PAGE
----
Infographics are everywhere today. They’re colorful, easy to understand, they present information in a graphic, entertaining way, and they appeal to people who learn better visually rather than through the written word alone. If you need to educate and entertain at the same time, then infographics are your tool of choice. But how could you educate people visually before the modern era of infographics? You could do a comic book — and that’s just what the LISTERINE® Brand did during the Silver Age of comics in 1956.
The Silver Age of comics began in 1956 (the year the LISTERINE® comic book was published) and it marked the continued development of classic superheroes like Superman, Batman and Wonder Woman, as well as popular characters like Casper the Friendly Ghost and Archie, Betty, Veronica and their friends from Archie Comics. Always on the lookout for innovative ways to reach people, the Warner-Lambert Pharmaceutical Company (which made LISTERINE® Antiseptic in that era), decided to take advantage of the popularity of comic books and tell the LISTERINE® story visually.
So in 1956, they released a comic book called “Stepping Stones to Success.” The comic book followed two high school students who achieved success in school through (you guessed it) using LISTERINE® Antiseptic. But perhaps the most enjoyable part of the book — for those who enjoy Johnson & Johnson history and health care history — is the presentation of Louis Pasteur and Sir Joseph Lister in classic comic book hero-style.
What’s the LISTERINE® “Stepping Stones to Success” comic book like? Picture The Archies crossed with a vintage 1950s high school science film. The story begins by taking us quickly through the history behind antiseptic surgery, which led to the formulation of LISTERINE® in 1879 as a surgical disinfectant that was milder and less irritating than the carbolic acid used by Lister. From the invention of the first microscope, the story panels transition to a dashing looking Louis Pasteur conducting his experiments showing that germs invisible to the naked eye were the cause of infection.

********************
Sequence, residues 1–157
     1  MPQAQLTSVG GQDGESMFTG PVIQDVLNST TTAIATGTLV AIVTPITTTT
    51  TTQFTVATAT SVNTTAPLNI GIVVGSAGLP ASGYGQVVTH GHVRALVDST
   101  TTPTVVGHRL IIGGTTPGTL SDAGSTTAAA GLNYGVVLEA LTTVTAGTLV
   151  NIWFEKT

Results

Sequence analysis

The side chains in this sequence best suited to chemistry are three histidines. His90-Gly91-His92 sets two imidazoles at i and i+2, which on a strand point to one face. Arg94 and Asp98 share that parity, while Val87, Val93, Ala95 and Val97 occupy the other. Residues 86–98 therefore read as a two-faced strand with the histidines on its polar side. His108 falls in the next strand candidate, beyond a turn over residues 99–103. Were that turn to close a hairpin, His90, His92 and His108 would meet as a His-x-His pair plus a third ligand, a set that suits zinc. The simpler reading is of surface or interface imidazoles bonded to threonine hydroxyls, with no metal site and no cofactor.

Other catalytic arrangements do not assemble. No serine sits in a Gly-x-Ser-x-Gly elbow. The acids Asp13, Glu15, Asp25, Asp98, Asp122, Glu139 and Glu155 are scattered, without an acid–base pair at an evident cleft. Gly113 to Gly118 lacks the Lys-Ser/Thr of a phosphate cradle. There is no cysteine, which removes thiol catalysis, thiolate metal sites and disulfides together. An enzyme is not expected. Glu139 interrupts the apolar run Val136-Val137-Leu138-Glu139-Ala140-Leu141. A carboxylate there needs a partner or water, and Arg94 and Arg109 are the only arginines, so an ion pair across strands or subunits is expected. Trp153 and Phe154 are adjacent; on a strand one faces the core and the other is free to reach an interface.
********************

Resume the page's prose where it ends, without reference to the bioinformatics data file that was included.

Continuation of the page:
In classic comic book style, the next panel shows a square-jawed young Sir Joseph Lister (looking a bit like Clark Kent without the glasses) hitting the books, no doubt reading Louis Pasteur’s findings. In the next panel, an older and more historically accurate looking Lister is shown applying what he learned as he uses his antiseptic method to operate on a very modern 1950s-looking patient. Bow ties make a significant appearance in the comic book: not only do Pasteur and Lister wear them, but so does the young high hero of the story. (It was the 1950s, after all.)
The story then jumps forward to 1956 (which actually doesn’t look a whole lot different from the way the artist drew the 1800s), where it follows Jim, a high school student who’s having trouble gaining a regular spot on the football team. Naturally, after using LISTERINE® Antiseptic, he’s not only on the team but he scores a touchdown. That’s not the only trouble Jim was having with the football team: alert readers will notice that the number on his jersey keeps disappearing and reappearing from panel to panel. Meanwhile, another student named Joan is having trouble keeping friends because, in a nod to the famous 20th century LISTERINE® advertising campaigns, her less than fresh breath is driving them away.